Actually, I finally posted on beating Star Wars – The Force Unleashed.Â I actually beat it a couple of days ago, which was a couple days after it’s release.Â I beat the whole thing in about 3 sittings/days.Â Not a long game at what was probably about 8 hours, but not too short either.Â I felt compelled to play through quickly to experience the story.Â This is a game that deserves the compliment sandwich.Â It has so many absolutely great things going for it that are counteracted by awful, horrible Dark Sides.
+ The Story.Â Everyone is going to mention this when talking about the game.Â It has a Star Wars story.Â It’s not the greatest thing ever written, but it is leaps and bounds above the new trilogy.Â It manages to look good while referencing material from them; that’s a hard feat.Â In fact, it even bridges them into the original continuity; an impossible feat.Â After playing through this game, you at least have a slight respect for the plot the new trilogy tried to tell and how it relates to the original trilogy.Â This is coming from someone who hated episodes 1 and 2, and thoroughly disliked (not quite hate, but close) episode 3.Â I can’t go into much detail, but as the game begins you are Darth Vader’s secret apprentice, performing assassinations of the few remaining jedi.
Actually, that’s a lie.Â The game begins as you are Darth Vader, killing Wookies with max force powers.Â And it is very awesome.
– Force Power balance is not always consistent, however.Â Push, for example, is Vader’s primary ability in the first level.Â And in the remaining part of the game you will *never* achieve this level of destructive power.Â Sure, that may emphasize how great Vader is, but that’s not quite as “fun.”Â After the first level, I waited until I, too, could force push Stromtroopers haplessly around effortlessly and eagerly anticipated seeing what may even be the end-game version of that power.Â That moment never came.Â Force Grip suffers from a similar fate.Â At the highest level I expected to be able to pick up everything within view.Â In game, however, at max level you get to pick up 3 things.Â Just 3.Â I’ve been spoiled by Psi-Ops’ excellent telekinesis/grip that this version just seems disappointing.Â Sure, none of you have *played* Psi-Ops, so this will probably be new, exciting, and neat.Â But it’s only 2nd best.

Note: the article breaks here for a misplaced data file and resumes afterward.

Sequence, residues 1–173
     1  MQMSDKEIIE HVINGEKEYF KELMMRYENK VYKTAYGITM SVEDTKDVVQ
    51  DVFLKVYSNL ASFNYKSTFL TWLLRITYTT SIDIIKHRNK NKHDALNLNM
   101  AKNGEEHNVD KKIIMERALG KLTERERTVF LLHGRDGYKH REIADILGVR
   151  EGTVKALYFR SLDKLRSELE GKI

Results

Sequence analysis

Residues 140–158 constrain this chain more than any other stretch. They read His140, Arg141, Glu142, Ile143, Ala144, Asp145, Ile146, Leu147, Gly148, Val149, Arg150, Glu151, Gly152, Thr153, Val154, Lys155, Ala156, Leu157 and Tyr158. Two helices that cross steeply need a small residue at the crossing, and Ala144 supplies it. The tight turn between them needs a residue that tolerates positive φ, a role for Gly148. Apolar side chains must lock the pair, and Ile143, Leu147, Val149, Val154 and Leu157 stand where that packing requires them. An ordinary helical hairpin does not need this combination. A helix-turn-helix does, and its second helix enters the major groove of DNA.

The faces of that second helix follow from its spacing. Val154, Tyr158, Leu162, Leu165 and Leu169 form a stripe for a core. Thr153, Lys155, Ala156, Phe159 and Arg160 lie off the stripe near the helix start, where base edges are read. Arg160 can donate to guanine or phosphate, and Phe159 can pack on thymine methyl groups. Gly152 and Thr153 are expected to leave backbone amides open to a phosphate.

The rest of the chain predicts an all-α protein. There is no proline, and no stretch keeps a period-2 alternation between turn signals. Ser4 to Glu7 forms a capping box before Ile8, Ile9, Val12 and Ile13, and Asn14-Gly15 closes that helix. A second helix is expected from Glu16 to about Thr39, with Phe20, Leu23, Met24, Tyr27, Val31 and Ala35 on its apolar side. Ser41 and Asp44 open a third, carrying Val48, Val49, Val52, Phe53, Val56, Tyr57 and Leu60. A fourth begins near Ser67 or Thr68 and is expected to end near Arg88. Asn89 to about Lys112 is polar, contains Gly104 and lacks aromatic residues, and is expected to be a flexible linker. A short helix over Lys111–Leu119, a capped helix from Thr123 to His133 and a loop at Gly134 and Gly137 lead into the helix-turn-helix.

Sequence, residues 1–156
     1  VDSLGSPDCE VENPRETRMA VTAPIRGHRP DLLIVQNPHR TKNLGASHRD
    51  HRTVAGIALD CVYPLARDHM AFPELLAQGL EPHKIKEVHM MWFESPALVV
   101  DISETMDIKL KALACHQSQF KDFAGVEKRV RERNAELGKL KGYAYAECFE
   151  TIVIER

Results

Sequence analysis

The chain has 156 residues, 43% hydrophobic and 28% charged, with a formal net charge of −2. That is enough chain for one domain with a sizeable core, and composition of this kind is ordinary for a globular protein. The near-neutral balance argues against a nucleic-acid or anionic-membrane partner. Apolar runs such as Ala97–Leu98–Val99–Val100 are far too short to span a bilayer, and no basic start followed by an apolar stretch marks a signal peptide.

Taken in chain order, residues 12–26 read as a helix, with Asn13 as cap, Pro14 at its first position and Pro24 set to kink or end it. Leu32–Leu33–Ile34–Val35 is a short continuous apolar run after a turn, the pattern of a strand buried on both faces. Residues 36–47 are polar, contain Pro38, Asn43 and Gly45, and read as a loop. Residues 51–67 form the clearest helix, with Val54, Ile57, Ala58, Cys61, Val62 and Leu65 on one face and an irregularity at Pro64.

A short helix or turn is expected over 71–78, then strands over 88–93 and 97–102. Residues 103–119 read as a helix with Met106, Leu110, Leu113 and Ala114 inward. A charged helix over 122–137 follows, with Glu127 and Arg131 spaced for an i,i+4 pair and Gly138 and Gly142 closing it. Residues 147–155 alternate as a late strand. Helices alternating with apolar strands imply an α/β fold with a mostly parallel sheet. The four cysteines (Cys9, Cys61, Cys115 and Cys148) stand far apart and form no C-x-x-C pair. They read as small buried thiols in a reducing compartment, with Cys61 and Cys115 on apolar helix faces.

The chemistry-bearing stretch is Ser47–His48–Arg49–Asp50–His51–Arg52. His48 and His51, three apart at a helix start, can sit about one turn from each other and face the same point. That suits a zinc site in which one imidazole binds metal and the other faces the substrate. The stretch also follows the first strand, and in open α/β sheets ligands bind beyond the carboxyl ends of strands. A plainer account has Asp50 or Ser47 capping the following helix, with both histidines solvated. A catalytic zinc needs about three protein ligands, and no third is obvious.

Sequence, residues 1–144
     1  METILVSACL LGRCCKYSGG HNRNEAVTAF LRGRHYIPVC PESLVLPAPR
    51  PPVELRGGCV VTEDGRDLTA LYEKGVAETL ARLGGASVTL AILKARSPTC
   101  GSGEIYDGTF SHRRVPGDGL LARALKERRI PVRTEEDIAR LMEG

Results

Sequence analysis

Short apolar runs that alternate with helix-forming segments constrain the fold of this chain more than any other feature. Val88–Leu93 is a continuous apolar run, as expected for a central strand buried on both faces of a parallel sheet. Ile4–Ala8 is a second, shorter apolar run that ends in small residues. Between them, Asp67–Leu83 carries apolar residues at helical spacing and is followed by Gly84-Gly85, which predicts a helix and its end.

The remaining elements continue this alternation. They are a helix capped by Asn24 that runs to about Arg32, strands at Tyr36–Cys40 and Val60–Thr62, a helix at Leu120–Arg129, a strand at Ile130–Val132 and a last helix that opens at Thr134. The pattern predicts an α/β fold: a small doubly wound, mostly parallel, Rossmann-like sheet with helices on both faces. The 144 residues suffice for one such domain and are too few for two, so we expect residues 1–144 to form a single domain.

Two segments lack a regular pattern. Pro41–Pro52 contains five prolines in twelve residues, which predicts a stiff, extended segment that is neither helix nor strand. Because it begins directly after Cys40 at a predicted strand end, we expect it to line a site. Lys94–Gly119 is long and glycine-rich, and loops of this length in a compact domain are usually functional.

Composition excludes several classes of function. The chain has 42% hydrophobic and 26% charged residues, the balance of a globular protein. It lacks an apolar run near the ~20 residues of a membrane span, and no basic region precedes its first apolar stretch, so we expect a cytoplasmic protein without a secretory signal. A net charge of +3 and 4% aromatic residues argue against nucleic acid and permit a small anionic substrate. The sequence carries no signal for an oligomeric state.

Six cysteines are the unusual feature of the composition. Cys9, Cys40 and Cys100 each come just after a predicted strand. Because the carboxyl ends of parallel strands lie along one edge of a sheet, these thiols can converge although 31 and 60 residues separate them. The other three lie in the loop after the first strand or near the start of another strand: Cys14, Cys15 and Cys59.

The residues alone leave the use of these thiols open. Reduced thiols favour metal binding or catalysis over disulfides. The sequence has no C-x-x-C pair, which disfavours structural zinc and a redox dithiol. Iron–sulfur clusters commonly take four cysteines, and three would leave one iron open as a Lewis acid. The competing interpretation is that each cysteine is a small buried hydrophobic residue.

+ Force Powers are not consistent, however that doesn’t always matter.Â Lighting and repelÂ are so powerful you may forget you have others.Â Anyone immune to lighting in the game can generally have their defense broken by hitting them with a couple melee attacks.Â Then lighting (or push, grip, etc) will work.Â Other characters will block everything but lightning.Â This results in a lot of convulsing, spastic, and electrocuted enemies.Â Not as much variety, but incredibly fun.Â The turning point comes when you get Level 2 lightning as see your main character raise up both arms Emperor style when zapping some helpless (or not so helpless) trooper.
– That feedback, however, is not universal.Â When you are hurting some of the more basic enemies it is very obvious you are dealing damage.Â Some of the more defensive enemies, however, are harder to break.Â More so, it is harder to determine when you are actually hurting them.Â Sometimes you can get lucky and knock them down or stun them, but other times their taking damage animation is very similar to their defensive stance.Â Maybe you found an opening and you should pound away.Â Maybe you are about to be countered b/c he’s actually still blocking.Â Shrug.Â This goes triple-true for boss fights.